Uglich has discovered the joys of tourist spending.  From the boat to a restored church replete with icons (what else?) there is a gauntlet of card-table kiosks selling all sorts of touristy stuff.  Supposedly Uglich was the location of a prominent Russian watch factory.  So, there were lots of watches on offer, though no assurances were offered that they were locally made.

Uglich first showed up in Russian history around 937.    Its real claim to fame is the death of Prince Dimitry, who was the son of Ivan the Terrible.  Uglich suffered a notorious uprising in 1591 after the 12-year-old Prince was allegedly assassinated by Boris Godunov's guard in this town. After Boris Godunov defeated the civil uprising of the townspeople, 180 people were executed and hundreds more were exiled to Siberia.  The place where the prince was killed is now the church with the blue domes.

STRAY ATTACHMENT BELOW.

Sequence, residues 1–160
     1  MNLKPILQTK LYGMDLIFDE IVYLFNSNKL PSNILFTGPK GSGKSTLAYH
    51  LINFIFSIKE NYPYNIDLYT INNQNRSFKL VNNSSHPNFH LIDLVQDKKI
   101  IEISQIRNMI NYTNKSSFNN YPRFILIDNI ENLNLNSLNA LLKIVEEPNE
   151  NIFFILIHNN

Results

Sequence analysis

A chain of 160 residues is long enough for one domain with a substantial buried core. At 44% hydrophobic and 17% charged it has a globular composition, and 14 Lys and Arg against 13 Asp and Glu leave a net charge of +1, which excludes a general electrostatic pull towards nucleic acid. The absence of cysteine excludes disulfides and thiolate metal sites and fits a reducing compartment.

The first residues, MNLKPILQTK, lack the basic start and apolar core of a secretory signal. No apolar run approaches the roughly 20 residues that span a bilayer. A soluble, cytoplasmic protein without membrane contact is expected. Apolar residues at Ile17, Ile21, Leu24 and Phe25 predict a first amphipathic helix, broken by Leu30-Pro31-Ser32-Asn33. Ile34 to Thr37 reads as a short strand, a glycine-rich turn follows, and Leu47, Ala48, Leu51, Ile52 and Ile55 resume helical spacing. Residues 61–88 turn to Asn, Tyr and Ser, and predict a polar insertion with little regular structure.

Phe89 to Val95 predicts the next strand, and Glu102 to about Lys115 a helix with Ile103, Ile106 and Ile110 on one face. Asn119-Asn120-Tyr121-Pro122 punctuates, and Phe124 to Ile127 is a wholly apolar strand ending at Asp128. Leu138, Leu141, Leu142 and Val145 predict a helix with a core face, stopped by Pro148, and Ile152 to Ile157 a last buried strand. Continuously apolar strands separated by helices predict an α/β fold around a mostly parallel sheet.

I think this was a civic building.  Nicely restored.  I appreciate the restrained architecture, and the resistance to the temptation to pile all sorts of ornamentation on the facade, like what I saw in Moscow.
Cottage with flowers.
The Uglich church, restored in delightfully bright colors.  The red is supposed to represent the blood of Prince Dmitry.
I had to oversaturate and push the contrast a little to hide the fogging.
Clock Tower
Beautiful carved door.  I continued to be impressed with the quality of the woodworking in Russia.  Of course, the guide took us right past the door to look at some icon that was in a primitive style.  Not meant to be primitive, but that's how it came out.
This masterpiece of ceramics was stuck in a corner of one of the room.  I asked the guide about it,  " Oh yes, that's a Russian stove."  She then continued about the Icons.
Beautiful detail work on the stove.
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